- Basically, the FERC commissioners rejecting the request for “rehearing” do so for a bunch of reasons – some “procedural” (e.g., “Untimely Requests for Rehearing,” “Party Status,” “Deficient Requests for Rehearing,” “Due Process”; whether the “Final EIS Properly Assessed the Project’s Purpose and Reasonable Alternatives”) and some substantive (e.g., whether the pipeline is actually “required by present or future public convenience and necessity”; whether there is actually “market demand” for the gas; whether the need for the project was appropriately balanced against harms to landowners and communities; that “The MVP Project Satisfies the ‘Public Use’ Standard of the Takings Clause” per the Kelo decision; “eminent domain” issues; whether a “blanket certificate” is appropriate; whether or not “The Draft EIS Satisfied NEPA Requirements”; “Threatened and Endangered Species Impact”; “Geology,” including “karst terrain,” “seismicity” and “rugged topography”; potential impact on surface water, groundwater; environmental mitigation measures such as “erosion and sedimentation plans” and reseeding/replanting of forest (“revegetation”), down to the level of the type of seed mix to be used; potential impact on wildlife/bird habitats and “forest fragmentation”; impact on property values; “visual impacts”; “safety”; “historic properties”; and last but MOST DEFINITELY NOT least – “Greenhouse Gas (GHG) Emissions and Climate Impacts” (including whether the “social cost of carbon” is appropriate/valid/relevant).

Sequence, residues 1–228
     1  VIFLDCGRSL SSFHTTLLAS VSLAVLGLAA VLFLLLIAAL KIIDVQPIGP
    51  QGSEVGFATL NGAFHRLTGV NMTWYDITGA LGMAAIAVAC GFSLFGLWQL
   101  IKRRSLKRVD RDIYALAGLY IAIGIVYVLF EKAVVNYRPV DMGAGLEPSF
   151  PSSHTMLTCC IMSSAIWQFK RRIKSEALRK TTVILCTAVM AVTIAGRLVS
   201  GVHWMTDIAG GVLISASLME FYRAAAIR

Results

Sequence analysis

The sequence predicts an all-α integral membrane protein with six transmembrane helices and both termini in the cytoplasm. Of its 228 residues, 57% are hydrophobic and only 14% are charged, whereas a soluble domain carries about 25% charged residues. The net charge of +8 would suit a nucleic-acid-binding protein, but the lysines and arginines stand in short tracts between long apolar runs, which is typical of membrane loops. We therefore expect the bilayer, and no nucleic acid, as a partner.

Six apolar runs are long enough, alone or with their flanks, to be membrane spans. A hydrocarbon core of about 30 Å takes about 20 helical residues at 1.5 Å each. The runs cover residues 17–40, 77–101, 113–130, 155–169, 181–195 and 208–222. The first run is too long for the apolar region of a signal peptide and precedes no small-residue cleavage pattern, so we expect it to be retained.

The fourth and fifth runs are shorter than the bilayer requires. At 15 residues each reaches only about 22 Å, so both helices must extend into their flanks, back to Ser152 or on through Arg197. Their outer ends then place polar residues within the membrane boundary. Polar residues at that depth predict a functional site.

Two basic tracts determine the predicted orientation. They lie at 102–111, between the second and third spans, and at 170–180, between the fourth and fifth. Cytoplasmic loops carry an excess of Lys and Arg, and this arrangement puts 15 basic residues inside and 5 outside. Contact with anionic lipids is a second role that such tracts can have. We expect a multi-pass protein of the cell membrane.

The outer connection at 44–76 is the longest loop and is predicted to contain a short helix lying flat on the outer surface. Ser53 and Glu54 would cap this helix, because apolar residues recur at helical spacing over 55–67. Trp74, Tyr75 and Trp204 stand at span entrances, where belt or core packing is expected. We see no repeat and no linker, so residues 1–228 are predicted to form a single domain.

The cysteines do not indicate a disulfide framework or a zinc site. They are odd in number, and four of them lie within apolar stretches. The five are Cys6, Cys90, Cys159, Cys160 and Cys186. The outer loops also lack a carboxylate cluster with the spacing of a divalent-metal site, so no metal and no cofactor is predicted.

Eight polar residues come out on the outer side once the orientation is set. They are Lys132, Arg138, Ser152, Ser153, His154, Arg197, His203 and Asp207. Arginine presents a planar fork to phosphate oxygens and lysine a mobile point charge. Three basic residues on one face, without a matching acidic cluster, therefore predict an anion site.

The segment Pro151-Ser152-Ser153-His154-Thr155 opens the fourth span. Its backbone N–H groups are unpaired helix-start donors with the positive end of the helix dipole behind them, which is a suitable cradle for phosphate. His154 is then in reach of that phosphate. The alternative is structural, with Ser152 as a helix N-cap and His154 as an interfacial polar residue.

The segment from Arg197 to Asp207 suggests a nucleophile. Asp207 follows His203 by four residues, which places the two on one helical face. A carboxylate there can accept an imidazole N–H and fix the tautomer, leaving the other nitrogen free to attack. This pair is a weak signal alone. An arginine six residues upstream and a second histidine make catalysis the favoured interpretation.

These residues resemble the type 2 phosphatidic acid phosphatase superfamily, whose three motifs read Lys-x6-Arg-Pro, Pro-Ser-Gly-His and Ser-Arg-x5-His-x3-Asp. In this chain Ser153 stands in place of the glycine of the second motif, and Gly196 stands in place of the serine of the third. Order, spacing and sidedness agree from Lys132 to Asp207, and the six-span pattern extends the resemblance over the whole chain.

- In short, the three FERC Commissioners (McIntyre, Chatterjee and Powelson) voting to reject the “rehearing” request – and note that all three of them (McIntyre, Chatterjee and Powelson) are Trump appointees – basically argued down every one of the objections raised, for various reasons which you can read through in the order, below. Personally, I find their arguments highly detailed but, ultimately, highly unpersuasive. But don’t take my word for it; check out the powerful dissents, by Commissioners LaFleur (Obama appointee) and Glick (Trump appointee, believe it or not!), which I will summarize in the next two bullets.